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Badlands are a form of intense gullying that results from a combination of four factors: clayrich material, such as shale, that inhibits water penetration; limited vegetation to impede runoff of precipitation; rainfall concentrated in scattered, intense showers; and downcutting of the drainage system. The four factors cause an intricate, fine-textured drainage network that is characterized by many V- shaped, straight-sided gullies divided by knifelike ridges.
Principal badland areas in the Great Plains are at Badlands National Park in southwestern South Dakota, Theodore Roosevelt National Park in western North Dakota, and Dinosaur Provincial Park in southern Alberta. Shales of the White River Group (Oligocene), including the Chadron and Brule Formations, form the badlands in South Dakota and northwestern Nebraska. Shales of the Fort Union Formation (Paleocene) form them in North Dakota and eastern Montana, and Cretaceous shales shape the badlands in Alberta. Other, more isolated areas of badlands occur in the Great Plains, typically where impermeable shales outcrop at the land surface and are subject to the conditions named above. Generally, badlands are common along the Little Missouri and Cheyenne Rivers in the Dakotas and along the White River north of Pine Ridge, as at Toadstool State Park in northwestern Nebraska and at Badlands National Park.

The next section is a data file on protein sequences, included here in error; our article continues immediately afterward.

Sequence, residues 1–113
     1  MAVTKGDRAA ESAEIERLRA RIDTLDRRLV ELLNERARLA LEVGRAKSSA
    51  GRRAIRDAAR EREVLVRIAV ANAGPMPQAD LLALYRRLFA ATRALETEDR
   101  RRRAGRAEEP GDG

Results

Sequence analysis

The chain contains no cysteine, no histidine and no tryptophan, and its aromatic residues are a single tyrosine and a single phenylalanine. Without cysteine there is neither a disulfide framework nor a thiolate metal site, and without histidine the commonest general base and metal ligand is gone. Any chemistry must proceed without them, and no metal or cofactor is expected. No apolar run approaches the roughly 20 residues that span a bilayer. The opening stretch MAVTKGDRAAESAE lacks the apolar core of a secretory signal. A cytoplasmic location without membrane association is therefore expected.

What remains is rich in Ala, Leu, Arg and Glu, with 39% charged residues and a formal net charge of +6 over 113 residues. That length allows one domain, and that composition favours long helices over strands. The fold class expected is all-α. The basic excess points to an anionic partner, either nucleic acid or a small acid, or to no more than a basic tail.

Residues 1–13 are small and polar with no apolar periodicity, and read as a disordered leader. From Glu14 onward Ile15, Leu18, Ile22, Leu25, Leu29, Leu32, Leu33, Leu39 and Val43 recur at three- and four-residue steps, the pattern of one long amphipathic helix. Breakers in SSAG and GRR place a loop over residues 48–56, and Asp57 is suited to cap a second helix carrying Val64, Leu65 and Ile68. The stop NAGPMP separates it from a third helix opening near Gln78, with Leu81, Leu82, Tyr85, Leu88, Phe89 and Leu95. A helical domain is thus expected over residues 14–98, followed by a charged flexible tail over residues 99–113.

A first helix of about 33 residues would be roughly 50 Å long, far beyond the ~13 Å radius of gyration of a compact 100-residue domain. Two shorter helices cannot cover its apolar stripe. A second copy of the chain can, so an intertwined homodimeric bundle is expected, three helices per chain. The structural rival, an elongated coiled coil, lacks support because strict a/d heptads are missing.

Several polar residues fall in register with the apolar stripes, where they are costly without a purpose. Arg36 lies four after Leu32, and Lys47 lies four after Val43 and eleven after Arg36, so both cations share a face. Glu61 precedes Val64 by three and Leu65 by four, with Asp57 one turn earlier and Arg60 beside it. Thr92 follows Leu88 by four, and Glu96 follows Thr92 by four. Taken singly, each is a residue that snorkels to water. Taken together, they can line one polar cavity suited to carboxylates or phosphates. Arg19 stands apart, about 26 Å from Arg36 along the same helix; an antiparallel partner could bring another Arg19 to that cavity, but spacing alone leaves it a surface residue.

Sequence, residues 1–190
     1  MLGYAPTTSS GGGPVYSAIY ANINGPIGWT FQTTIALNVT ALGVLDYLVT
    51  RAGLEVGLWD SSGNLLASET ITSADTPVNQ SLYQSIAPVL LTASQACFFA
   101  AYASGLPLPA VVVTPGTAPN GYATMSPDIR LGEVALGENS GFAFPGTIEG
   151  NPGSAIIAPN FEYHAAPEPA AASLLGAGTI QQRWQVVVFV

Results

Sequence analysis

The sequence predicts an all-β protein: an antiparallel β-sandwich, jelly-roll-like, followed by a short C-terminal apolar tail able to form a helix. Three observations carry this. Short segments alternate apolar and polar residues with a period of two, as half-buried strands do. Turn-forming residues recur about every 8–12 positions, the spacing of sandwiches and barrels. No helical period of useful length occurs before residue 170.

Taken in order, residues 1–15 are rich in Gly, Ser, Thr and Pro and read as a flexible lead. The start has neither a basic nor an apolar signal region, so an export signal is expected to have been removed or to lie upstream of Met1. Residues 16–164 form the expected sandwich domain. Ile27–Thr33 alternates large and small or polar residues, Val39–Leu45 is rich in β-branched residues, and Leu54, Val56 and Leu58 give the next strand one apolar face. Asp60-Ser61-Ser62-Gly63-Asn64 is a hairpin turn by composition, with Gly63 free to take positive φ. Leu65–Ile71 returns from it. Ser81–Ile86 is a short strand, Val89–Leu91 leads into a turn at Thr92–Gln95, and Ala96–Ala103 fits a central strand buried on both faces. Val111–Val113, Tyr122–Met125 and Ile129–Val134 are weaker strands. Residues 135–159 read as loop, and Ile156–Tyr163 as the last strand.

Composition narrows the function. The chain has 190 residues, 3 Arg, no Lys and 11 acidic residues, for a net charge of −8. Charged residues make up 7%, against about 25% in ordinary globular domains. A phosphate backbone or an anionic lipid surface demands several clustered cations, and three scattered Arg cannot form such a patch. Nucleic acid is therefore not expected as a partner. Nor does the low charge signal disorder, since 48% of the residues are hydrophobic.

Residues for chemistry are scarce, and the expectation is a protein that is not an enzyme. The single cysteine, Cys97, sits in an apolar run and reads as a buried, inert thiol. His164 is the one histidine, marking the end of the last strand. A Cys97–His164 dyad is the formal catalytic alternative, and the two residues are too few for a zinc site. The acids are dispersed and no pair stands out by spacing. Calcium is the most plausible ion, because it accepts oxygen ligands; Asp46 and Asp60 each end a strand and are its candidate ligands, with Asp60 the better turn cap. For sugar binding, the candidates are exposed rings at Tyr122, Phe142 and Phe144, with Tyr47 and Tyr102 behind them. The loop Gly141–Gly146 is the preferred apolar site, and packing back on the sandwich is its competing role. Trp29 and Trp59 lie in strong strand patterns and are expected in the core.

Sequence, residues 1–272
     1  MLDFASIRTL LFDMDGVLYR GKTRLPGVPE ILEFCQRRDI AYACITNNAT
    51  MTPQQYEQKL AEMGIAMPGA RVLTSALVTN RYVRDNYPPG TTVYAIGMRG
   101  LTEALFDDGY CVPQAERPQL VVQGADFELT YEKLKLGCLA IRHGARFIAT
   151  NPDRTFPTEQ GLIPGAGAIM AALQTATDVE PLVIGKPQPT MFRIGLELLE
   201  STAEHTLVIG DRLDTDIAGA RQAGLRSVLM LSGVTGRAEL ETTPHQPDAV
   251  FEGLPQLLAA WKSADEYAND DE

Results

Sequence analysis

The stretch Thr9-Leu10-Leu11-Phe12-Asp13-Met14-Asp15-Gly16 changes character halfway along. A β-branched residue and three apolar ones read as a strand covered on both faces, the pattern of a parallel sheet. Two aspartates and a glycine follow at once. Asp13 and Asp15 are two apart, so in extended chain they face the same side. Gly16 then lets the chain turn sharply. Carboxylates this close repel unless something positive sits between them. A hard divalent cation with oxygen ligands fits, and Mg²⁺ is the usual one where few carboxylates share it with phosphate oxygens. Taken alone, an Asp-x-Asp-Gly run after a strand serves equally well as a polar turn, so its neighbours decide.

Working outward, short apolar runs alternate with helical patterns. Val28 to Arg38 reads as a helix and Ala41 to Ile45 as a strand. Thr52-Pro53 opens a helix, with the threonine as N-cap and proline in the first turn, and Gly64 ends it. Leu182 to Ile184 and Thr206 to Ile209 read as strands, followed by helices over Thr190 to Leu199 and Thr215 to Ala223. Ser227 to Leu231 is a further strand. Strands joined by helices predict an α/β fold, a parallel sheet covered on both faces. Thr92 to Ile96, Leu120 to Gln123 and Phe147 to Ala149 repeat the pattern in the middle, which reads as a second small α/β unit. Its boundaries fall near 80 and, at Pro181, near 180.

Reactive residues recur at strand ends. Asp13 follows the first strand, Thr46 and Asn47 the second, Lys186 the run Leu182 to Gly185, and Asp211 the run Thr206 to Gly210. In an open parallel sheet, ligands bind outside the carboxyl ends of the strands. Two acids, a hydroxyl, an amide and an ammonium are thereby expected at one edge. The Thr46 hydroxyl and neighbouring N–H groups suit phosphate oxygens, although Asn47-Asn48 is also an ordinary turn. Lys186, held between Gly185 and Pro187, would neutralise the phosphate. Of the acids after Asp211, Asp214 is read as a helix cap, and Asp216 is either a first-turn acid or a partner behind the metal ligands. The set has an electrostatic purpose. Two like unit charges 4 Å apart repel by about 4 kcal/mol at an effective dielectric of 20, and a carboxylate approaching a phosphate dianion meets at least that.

See also SPORTS AND RECREATION: National Parks.
Richard G. Reider University of Wyoming
Bloom, A. L. Geomorphology, a Systematic Analysis of Late Cenozoic Landforms. Englewood Cliffs NJ: Prentice-Hall, 1998.
Fenneman, Nevin V. Physiography of Western United States. New York: McGraw-Hill Book Company, 1931.